Other Mental Health

Join the Conversation on
Other Mental Health
76.5K people
0 stories
29.5K posts
  • About Other Mental Health
  • Explore Our Newsletters
  • What's New in Other Mental Health

    The Mask We Wear: Navigating Mental Health in a World That Demands Strength

    As someone who has personally struggled with depression and isolation, I know the pressure to maintain a strong front for others all too well. Society often expects us to be resilient, to push through, to never let our struggles show. But in reality, mental health is a complex and fluid experience that can’t always be contained by the mask we wear.

    Depression is a thief. It steals our joy, our energy, our motivation. It whispers lies in our ear, telling us that we’re not enough, that we’ll never be enough. It convinces us to isolate ourselves, to hide away from the world and the people we love. It makes the simplest tasks seem insurmountable, and the darkness seems unshakable.

    But we put on our masks and go about our day, pretending that everything is okay. We smile and nod and pretend that the weight of the world isn’t crushing our spirit. We go through the motions, living a life that’s a shadow of the one we used to know.

    Why do we do this? Why do we hide our struggles with mental health? Because we’re afraid. Afraid of what people will think, afraid of being judged, afraid of being seen as weak. But the truth is, mental health is not a sign of weakness. It’s a sign of courage, of resilience, of strength. It takes immense courage to admit that you’re struggling, to reach out for help, to face the darkness head on.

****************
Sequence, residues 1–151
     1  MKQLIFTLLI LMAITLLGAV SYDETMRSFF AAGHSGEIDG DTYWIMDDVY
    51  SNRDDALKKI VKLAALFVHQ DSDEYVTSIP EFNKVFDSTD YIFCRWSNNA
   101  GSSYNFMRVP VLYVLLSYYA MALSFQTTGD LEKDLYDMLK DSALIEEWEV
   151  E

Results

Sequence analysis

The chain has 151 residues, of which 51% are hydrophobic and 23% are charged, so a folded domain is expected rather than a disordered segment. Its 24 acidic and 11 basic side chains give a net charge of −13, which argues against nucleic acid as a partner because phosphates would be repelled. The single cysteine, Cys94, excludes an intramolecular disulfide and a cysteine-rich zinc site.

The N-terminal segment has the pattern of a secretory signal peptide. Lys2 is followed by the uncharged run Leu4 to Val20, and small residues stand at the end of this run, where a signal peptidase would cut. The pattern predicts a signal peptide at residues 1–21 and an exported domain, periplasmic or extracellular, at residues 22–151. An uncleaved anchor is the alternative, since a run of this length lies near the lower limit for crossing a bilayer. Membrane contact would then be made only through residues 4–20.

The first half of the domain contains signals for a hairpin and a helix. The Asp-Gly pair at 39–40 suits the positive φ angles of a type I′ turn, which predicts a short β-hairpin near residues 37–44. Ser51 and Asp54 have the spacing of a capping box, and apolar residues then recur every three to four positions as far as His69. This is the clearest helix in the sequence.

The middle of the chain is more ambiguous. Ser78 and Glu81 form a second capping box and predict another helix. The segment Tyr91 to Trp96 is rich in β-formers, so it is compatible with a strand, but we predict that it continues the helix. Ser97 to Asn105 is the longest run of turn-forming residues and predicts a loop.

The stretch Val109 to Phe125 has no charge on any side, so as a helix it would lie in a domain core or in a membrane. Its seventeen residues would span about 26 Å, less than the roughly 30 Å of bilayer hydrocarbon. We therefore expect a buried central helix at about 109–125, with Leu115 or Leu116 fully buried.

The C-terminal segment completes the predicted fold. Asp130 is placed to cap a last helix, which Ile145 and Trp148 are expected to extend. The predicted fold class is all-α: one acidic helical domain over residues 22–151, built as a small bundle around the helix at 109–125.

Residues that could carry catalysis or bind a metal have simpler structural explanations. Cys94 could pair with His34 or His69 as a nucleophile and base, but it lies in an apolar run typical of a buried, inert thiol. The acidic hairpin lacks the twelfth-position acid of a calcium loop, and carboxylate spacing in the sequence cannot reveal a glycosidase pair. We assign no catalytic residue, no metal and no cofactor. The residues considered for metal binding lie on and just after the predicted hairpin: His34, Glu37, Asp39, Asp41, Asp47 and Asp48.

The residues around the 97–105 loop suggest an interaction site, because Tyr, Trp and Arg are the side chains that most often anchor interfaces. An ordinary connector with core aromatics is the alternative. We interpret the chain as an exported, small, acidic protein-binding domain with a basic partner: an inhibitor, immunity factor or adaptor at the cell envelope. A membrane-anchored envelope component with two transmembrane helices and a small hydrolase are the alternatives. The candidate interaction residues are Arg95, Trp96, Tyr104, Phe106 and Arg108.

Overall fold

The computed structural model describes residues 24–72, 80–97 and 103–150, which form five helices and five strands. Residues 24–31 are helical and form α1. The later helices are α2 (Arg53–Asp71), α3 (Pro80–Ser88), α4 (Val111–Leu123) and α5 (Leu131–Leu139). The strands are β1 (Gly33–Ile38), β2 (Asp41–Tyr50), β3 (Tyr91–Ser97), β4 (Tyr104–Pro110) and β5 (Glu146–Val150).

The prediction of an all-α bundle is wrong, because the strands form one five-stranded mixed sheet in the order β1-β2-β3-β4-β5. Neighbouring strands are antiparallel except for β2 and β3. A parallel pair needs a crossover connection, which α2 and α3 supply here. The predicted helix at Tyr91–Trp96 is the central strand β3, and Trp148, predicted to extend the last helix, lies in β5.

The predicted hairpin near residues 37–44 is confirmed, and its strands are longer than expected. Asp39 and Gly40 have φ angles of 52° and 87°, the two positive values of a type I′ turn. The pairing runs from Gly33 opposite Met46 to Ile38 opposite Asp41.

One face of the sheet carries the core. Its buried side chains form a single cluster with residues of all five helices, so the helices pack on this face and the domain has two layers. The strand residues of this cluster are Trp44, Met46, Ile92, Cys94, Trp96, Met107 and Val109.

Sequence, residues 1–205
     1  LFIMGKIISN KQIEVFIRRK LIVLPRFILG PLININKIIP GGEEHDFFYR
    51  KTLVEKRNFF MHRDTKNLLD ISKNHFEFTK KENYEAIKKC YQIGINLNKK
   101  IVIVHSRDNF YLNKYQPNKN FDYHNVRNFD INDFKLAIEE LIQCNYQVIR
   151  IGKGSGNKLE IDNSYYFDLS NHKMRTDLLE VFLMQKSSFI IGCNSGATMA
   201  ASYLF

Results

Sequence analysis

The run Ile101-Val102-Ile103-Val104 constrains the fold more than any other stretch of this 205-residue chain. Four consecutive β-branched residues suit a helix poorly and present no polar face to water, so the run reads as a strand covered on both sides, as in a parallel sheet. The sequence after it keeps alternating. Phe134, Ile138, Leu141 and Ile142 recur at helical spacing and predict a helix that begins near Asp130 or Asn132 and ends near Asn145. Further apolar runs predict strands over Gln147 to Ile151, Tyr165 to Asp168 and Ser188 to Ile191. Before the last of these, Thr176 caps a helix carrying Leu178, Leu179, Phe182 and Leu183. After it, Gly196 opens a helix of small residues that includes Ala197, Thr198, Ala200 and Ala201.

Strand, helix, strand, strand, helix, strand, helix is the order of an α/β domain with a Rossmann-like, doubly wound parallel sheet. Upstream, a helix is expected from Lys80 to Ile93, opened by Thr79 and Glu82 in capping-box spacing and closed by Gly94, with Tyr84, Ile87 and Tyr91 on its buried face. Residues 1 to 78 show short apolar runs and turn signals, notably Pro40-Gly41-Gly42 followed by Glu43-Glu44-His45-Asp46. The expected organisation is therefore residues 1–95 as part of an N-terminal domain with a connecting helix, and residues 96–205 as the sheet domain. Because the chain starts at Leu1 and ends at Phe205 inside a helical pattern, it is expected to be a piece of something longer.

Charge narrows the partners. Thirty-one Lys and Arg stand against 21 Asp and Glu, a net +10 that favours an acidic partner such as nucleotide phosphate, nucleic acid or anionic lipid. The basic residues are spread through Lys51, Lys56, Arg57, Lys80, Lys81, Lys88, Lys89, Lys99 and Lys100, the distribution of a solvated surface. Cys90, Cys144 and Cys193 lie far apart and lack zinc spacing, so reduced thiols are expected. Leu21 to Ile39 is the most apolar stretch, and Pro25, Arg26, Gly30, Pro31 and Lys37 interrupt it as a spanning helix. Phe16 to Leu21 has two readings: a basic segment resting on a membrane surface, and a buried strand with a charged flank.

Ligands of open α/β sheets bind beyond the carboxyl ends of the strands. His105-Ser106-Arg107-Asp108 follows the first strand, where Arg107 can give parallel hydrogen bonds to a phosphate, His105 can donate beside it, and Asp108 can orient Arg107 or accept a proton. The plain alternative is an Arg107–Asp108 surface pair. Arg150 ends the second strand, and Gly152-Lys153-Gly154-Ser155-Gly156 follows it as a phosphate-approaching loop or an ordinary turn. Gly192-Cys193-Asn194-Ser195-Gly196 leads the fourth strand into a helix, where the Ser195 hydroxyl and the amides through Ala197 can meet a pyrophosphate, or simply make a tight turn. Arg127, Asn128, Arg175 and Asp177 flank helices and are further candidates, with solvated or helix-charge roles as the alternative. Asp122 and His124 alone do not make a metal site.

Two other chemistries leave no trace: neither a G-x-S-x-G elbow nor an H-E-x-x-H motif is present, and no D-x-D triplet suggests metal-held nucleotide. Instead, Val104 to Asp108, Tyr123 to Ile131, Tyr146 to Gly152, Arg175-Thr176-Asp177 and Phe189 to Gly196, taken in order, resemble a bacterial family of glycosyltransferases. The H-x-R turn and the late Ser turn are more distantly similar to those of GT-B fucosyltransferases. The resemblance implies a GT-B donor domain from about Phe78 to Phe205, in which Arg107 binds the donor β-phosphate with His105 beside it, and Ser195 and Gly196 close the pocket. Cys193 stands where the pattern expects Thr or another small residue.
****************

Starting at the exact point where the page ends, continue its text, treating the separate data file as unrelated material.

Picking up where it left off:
And the mask we wear is heavy. It weighs us down, making our struggles seem insurmountable. It drains us of energy and motivation, making it even harder to fight back against depression and isolation. It makes us feel trapped, like there’s no escape from the pain and darkness.

    But there is hope. There is light in the darkness, and it starts with taking off the mask. It starts with being honest with ourselves and with others about our struggles. It starts with reaching out for help, whether that’s through therapy, medication, support groups, or simply talking to a trusted friend or family member. It starts with giving ourselves permission to be vulnerable, to be human, to be imperfect.

    So if you’re struggling with depression, isolation, or any other mental health challenge, know that you’re not alone. Know that it’s okay to take off the mask, to be honest about your struggles, to reach out for help. Know that there is hope, that there is light in the darkness, and that you are strong.